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The next day we were up bright and early to tour the whaling museum.

This ghoulish fish factory is a sad part of our recent history was still operating in the 1970’s and its closure greatly affected the entire town.
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To their credit the community have managed to put the sordid relics left on site to good use to inform the public about the history, the process and the often cruel and gruesome lived experiences of the people involved in the multi-million dollar whaling industry.

Our little party had planned to move on up the coast the following day but it seemed most places were booked out due to the Easter break so we decided to stay put. At least that way we could be sure the Easter Bunny could find us. The fishermen set out early the next morning in the hope of sneaking up on some big fishies but they were back by lunchtime with a very sorry saga to tell.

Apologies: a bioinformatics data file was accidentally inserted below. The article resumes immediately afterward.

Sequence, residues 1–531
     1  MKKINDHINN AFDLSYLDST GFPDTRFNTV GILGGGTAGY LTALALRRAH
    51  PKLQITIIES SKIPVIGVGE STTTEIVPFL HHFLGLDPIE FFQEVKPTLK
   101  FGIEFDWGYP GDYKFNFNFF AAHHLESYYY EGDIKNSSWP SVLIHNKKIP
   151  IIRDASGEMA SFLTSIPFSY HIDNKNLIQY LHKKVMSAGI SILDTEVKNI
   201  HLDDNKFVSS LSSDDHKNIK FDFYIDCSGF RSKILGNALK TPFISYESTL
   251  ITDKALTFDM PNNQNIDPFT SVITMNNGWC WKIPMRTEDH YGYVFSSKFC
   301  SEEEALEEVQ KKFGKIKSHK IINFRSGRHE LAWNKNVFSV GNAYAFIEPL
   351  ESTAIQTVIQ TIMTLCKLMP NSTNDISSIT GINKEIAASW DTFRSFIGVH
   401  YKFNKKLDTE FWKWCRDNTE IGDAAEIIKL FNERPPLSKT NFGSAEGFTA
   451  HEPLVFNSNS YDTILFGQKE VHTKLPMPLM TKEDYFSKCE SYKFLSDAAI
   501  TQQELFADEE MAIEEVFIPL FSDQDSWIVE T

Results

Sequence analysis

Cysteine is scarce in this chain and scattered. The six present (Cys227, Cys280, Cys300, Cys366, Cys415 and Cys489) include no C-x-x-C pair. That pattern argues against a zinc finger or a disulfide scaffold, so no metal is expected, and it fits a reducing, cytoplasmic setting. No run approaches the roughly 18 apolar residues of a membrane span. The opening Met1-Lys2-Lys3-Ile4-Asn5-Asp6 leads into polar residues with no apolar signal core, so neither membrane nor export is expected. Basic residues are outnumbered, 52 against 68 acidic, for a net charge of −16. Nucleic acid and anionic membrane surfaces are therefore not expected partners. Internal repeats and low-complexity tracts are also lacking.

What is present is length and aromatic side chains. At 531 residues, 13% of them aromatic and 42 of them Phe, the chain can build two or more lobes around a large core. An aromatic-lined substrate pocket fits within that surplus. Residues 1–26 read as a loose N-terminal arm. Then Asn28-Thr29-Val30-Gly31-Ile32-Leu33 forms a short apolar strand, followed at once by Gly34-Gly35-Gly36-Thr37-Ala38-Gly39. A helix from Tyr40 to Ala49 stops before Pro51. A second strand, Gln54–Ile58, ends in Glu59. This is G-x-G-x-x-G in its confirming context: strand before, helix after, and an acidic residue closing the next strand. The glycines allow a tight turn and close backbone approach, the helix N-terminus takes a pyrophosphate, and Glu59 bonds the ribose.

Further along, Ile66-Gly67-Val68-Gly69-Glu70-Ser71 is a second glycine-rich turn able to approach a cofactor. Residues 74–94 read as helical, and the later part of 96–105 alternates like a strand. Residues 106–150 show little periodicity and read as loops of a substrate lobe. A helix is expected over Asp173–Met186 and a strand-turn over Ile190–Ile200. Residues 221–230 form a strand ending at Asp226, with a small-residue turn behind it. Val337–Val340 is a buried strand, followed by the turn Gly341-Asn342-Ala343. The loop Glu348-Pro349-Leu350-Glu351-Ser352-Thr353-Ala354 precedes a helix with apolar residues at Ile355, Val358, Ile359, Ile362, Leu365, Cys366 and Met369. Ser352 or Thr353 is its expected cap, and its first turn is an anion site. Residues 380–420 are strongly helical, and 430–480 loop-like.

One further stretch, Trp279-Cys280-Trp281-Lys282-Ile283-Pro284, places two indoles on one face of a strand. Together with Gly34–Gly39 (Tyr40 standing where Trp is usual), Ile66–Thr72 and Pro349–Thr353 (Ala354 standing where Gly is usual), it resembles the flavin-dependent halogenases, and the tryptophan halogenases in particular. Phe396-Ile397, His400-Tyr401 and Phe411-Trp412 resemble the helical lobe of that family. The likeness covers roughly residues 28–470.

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It seemed that a massive gannet had somehow attached itself to one of their shiny lures (ie. pretend plastic fishies) and as Mr Perfect tried to free the distressed birdie another big seabird flew in to save its mate and subsequently got tangled up in the line too. The Driver passed over a pair of pliers to release these frightened feathered friends just as a whole flock descended en masse to attack our fearless fishermen. The pliers flew into the air as a Hitchcock-style invading army attacked Mr Perfect and one particularly nasty warrior pierced his left hand several times. The Driver managed to cut the line and set the birds free as our poor Pete profusely poured his precious pedigree blood all over the boat.